Warning parents: if your six-year-old reads this blog, please have them skip this entry because we will be discussing the "S" word here (Santa).
"So, do you all have Sanata at your house?" This has been the million dollar question of late, due to the season. And despite a nagging feeling that I am depriving my kids of a rite of childhood, Diane and I have chosen to tell our children that Santa Claus (as perpetuated by the media and culture) is not real, that he will not be coming down our non-existent chimney, and that he will not be bringing them toys this Christmas (we don't talk about it quite that bluntly). We do tell them about Saint Nicholas and the things he did for the poor because of his love for Jesus.
The reason for our choice is that we are really trying to be intentional about making Christ the focus of our Christmas preparation and celebration, and Santa sort of gums up the works because he becomes the star of the show on Christmas morning. It's hard enough to stem the cultural tide of consuming and making Christmas so dependent upon presents; adding an expectation that even more gifts will be coming from Santa just seems counterproductive.
And yet I can't help but feel like the Grinch when I tell friends that, no, we don't have gifts from Santa for our kids. It's not that I catch any overt grief, but all of my reasons sound so self-righteous, especially when I say them to fellow Christians. "We really want to be intentional about Christ being the focus of Christmas." (Oh, so my Christian friends who do the whole Santa thing aren't focused on Jesus at Christmas?) "We really want to fight against consumerism." (Oh, so my Christian friends who do the whole Santa thing are just wasteful spendthrifts?) And the subtle implication of our Western culture is that if you don't get your kids amazing gifts, you might not love them as much as other parents love their kids.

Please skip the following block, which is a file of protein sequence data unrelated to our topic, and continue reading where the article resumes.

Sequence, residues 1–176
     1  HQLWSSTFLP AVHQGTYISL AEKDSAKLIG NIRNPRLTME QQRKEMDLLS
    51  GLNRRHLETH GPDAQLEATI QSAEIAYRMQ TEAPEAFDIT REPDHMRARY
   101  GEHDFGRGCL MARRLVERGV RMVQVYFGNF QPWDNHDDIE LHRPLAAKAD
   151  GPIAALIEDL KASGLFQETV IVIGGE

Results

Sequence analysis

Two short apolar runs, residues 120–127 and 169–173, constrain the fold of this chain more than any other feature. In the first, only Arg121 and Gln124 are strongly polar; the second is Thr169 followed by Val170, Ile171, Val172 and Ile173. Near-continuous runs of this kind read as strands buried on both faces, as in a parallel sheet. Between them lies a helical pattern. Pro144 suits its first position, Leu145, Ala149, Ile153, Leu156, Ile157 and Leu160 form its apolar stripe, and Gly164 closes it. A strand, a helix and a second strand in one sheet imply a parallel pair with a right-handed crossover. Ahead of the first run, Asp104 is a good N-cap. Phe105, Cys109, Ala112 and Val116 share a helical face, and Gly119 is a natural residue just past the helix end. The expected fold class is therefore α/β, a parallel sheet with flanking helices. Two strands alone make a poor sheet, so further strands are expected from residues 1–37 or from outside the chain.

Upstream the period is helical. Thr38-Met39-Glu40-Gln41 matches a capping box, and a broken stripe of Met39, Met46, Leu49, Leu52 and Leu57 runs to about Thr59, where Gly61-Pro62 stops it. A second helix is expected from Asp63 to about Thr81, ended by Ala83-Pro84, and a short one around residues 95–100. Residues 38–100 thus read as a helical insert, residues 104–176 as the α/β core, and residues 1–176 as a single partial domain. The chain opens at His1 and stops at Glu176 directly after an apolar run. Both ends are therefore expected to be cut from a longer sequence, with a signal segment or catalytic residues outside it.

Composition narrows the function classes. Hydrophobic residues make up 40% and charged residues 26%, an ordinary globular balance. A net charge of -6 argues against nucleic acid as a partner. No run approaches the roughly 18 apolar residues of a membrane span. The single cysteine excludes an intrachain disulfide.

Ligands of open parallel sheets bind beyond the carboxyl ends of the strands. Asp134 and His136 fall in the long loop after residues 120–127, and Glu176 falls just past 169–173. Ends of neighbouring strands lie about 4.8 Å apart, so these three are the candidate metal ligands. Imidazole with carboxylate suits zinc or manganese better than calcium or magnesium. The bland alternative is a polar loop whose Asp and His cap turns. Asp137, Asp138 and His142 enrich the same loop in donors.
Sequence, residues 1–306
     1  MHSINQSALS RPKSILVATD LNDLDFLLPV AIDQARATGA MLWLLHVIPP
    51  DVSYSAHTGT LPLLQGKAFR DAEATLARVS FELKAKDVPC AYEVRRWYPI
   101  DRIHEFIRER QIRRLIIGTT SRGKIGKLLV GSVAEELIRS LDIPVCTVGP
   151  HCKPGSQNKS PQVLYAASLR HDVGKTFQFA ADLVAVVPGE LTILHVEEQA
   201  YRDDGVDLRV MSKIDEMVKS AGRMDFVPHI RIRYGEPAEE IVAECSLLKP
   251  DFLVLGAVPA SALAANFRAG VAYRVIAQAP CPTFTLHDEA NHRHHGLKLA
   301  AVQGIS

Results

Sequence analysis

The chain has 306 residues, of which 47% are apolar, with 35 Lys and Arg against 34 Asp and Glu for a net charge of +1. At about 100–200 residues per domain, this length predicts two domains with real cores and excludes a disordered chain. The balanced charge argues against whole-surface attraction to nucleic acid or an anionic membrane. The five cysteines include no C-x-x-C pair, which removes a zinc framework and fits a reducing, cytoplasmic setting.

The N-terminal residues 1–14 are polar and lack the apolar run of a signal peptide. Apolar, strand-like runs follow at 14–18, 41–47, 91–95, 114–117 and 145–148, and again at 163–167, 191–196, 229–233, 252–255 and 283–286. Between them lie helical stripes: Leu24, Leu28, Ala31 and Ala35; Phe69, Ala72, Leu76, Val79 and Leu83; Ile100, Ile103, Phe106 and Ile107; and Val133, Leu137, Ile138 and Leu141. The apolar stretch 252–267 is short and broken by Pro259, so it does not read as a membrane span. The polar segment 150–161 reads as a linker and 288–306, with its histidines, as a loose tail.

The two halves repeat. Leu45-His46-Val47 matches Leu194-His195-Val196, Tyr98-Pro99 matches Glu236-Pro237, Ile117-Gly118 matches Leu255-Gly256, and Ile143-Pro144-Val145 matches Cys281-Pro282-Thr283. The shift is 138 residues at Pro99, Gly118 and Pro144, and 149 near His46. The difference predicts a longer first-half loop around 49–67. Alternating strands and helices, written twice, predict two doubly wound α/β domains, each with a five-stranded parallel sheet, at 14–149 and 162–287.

Yes, there is something beautiful about childlike faith, about cookies and milk being left for Santa to nibble. There is something very sweet about the openness to wonder and miracles that goes right along with the Santa idea. But I want my children's faith to focus on the wonder of Emmanuel, God with us. On the miracle that the Lord loves them so much that He would come near, as a baby, a child just like them, in order that they might know God in the deepest parts of their heart and soul. I know that there is only so deep that this faith and understanding can go at a young age (heck, at any age). But what better time of year, a time of lights and giving and joy, to sow seeds of faith in Christ and to really embrace the adage that Jesus is the reason for the season. Perhaps there is a convincing argument that Santa doesn't hinder that at all, and that he even enhances it by opening our hearts to simple faith. I can hear that, but I can't get past the thought that faith in something that isn't true is perhaps faith that is misplaced. Growing comfortable in our decision make take some time.
I think the secret is safe with our kids – I told the girls that some of their friends will still believe in Santa and that they should not tell them otherwise, and Psalter with all seriousness said, "I will never, ever tell them."